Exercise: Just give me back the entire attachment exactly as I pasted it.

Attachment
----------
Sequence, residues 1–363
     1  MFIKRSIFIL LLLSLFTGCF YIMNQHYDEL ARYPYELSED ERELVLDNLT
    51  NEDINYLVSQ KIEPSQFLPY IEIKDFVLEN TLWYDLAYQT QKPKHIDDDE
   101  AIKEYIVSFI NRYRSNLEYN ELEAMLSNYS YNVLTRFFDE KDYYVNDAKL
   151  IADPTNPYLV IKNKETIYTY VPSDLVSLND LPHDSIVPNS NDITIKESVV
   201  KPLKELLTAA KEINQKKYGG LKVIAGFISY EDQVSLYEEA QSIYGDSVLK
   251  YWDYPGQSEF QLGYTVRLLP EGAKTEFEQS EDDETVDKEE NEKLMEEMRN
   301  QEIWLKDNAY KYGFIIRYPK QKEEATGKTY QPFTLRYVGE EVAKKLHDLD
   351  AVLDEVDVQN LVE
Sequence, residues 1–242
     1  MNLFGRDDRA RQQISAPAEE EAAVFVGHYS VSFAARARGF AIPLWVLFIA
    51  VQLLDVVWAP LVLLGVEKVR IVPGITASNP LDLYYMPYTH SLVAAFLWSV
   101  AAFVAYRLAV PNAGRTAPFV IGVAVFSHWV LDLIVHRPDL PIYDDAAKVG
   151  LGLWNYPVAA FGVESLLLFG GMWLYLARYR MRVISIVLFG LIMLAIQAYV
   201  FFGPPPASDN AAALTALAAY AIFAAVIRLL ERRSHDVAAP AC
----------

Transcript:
Sequence, residues 1–363
     1  MFIKRSIFIL LLLSLFTGCF YIMNQHYDEL ARYPYELSED ERELVLDNLT
    51  NEDINYLVSQ KIEPSQFLPY IEIKDFVLEN TLWYDLAYQT QKPKHIDDDE
   101  AIKEYIVSFI NRYRSNLEYN ELEAMLSNYS YNVLTRFFDE KDYYVNDAKL
   151  IADPTNPYLV IKNKETIYTY VPSDLVSLND LPHDSIVPNS NDITIKESVV
   201  KPLKELLTAA KEINQKKYGG LKVIAGFISY EDQVSLYEEA QSIYGDSVLK
   251  YWDYPGQSEF QLGYTVRLLP EGAKTEFEQS EDDETVDKEE NEKLMEEMRN
   301  QEIWLKDNAY KYGFIIRYPK QKEEATGKTY QPFTLRYVGE EVAKKLHDLD
   351  AVLDEVDVQN LVE
Sequence, residues 1–242
     1  MNLFGRDDRA RQQISAPAEE EAAVFVGHYS VSFAARARGF AIPLWVLFIA
    51  VQLLDVVWAP LVLLGVEKVR IVPGITASNP LDLYYMPYTH SLVAAFLWSV
   101  AAFVAYRLAV PNAGRTAPFV IGVAVFSHWV LDLIVHRPDL PIYDDAAKVG
   151  LGLWNYPVAA FGVESLLLFG GMWLYLARYR MRVISIVLFG LIMLAIQAYV
   201  FFGPPPASDN AAALTALAAY AIFAAVIRLL ERRSHDVAAP AC